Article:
The Top 4 Credit Killers and How to Avoid Them

The Top 4 Credit Killers -- LEE LEGAL

You don’t have to have a perfect credit score. Few do. Yet having good credit is important for getting good interest rates on credit cards, mortgages, and vehicle loans. Employers look at credit scores, too, when making hiring decisions. Even if you have a suboptimal credit history, you can boost your credit score by avoiding these credit killers.

The Top 4 Credit Killers -- LEE LEGAL

Top 4 Credit Killers

  1. Serious delinquency. Old accounts that have been on your credit report for a long time are the number one credit killer. Credit bureaus will assume (algorithmically) that you do not care enough about your credit to fix small problems. A three-year-old $75 LabCorp debt can drag your credit down by 100 points or more. This is why it’s important to routinely monitor your credit report and promptly address credit items.
  2. Recent missed payments. Everyone misses a payment at some point. You may have been on vacation, or you may have changed card numbers and auto-bill didn’t transfer correctly. But realize that recently-missed payments count more against you than old missed payments. Avoid them if you can. If you do miss a payment, bring it current immediately. And in the future, if you are unsure whether you’re going to be able to make a payment, contact the lender. See if there’s some sort of forbearance they can offer. Try to get them to delay credit reporting for 30 to 60 days.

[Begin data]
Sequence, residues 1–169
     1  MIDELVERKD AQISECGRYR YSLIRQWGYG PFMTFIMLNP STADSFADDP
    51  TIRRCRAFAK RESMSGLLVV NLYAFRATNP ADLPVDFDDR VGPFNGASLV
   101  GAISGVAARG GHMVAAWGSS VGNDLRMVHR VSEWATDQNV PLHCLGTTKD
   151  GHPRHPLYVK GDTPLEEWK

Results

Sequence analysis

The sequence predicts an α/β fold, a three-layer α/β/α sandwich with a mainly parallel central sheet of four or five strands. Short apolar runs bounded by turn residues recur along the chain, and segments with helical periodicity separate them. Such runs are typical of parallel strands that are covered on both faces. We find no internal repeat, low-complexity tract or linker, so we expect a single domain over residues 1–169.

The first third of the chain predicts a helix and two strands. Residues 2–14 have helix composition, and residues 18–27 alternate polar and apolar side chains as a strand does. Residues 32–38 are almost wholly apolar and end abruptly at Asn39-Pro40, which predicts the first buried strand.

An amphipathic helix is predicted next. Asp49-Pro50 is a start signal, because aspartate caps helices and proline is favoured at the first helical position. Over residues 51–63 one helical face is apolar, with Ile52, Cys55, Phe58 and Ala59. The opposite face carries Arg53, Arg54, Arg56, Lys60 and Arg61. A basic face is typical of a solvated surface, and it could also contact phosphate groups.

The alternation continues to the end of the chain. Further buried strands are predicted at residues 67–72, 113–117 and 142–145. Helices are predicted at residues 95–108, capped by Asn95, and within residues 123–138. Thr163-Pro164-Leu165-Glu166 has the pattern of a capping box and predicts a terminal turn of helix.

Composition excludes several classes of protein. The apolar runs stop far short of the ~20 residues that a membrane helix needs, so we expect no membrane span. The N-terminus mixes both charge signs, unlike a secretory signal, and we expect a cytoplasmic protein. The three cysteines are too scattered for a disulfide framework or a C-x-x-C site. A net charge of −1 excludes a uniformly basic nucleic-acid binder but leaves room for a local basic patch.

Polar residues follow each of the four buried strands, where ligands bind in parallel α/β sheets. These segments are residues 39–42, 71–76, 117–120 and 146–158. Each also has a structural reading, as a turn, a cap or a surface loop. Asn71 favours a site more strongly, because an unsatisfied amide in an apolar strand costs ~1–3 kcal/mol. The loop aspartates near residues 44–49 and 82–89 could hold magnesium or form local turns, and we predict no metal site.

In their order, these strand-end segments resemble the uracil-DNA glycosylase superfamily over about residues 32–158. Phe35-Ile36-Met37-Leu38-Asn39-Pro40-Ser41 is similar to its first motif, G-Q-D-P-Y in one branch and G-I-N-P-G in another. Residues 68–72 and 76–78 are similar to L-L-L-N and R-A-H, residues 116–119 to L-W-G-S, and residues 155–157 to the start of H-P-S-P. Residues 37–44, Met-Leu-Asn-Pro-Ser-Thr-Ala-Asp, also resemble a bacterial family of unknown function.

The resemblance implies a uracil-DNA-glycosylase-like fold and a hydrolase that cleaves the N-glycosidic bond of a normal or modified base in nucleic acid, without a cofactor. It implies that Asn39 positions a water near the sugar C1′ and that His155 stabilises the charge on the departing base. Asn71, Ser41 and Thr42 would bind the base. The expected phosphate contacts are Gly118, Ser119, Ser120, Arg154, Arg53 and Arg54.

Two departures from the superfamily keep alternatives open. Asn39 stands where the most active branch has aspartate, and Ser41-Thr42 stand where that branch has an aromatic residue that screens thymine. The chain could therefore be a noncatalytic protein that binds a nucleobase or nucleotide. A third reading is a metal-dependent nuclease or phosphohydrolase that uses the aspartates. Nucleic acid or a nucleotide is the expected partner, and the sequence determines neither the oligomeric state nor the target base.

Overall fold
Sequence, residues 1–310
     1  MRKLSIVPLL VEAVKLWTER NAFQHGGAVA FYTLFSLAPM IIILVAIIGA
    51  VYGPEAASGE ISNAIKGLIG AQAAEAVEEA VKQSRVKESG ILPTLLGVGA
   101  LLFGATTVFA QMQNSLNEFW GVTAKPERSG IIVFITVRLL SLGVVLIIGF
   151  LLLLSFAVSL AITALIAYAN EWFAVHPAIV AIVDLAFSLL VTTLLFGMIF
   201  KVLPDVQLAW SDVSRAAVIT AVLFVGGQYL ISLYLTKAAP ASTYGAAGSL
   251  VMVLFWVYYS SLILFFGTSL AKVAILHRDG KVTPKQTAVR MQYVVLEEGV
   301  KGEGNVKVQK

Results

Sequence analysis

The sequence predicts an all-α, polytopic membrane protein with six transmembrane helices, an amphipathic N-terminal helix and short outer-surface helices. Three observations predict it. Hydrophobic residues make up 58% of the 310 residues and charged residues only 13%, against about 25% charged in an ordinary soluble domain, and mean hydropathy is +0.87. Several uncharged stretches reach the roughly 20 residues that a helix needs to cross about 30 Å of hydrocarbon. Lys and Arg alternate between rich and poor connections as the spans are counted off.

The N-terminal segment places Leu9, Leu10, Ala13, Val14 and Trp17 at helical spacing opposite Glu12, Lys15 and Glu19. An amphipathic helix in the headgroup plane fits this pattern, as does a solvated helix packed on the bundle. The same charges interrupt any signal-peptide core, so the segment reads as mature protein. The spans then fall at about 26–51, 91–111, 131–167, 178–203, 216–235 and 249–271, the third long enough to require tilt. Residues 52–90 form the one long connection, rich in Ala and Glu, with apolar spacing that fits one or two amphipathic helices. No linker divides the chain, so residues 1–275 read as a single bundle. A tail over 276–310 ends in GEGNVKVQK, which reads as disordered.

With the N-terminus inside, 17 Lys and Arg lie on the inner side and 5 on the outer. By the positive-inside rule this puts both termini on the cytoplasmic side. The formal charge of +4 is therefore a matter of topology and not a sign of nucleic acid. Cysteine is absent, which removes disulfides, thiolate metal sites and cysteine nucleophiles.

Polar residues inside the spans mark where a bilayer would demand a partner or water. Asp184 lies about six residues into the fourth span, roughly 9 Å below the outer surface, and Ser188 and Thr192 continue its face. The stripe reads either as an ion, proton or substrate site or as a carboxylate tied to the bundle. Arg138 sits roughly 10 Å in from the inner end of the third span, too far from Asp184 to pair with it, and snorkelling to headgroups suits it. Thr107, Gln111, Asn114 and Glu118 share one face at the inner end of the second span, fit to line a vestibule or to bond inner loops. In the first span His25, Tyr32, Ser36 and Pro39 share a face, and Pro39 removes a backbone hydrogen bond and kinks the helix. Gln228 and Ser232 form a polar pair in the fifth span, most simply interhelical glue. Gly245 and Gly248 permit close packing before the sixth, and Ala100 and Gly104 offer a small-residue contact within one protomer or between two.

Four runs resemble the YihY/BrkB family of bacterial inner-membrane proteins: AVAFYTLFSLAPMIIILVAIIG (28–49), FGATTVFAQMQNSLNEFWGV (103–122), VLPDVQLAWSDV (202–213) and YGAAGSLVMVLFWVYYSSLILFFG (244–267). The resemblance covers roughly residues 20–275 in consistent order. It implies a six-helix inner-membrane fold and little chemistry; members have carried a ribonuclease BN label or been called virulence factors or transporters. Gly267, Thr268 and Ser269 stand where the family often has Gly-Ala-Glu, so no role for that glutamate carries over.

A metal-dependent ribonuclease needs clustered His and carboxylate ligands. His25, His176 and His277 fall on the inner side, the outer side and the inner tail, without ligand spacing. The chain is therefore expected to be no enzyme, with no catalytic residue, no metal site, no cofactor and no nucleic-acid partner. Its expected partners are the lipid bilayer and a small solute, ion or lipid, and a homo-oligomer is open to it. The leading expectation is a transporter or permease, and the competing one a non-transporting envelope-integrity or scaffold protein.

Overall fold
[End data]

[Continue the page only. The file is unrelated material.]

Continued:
3. Bad payment history. Fixing a bad payment history is a two-step process. First, you must fix the items on your credit report in which you missed payments. Either get back on track by making at least three months of timely payments, or just pay the account off completely. Second, you must replace that bad history with good history. This means adding a newer credit account to replace that old account. Of course, you must stay current on new accounts, as well, for this technique to work.
  4. High credit usage. The availability of credit can account for as much as 30 percent of your overall score. The trick here is to obtain — but not necessarily to use — as much credit as possible. Having credit in reserve is considered a positive attribute by the credit bureaus. If all of your credit is maxed out — not so much.

Wipe the slate clean

If you have multiple credit killers on your credit report, consider getting a fresh start with bankruptcy. Although a bankruptcy filing will definitely impact your credit, it also eliminates your debts and addresses all the credit killers on your credit report. If you have many creditors or deep debt, discuss your bankruptcy options with an experienced attorney.

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About Brian V. Lee 566 Articles
Brian V. Lee provides bankruptcy, foreclosure defense, business turnaround, and litigation services to clients in the District of Columbia, Virginia, and Maryland. Brian was the Washington, D.C. state chair of the National Association of Consumer Bankruptcy Attorneys from 2016 to 2018.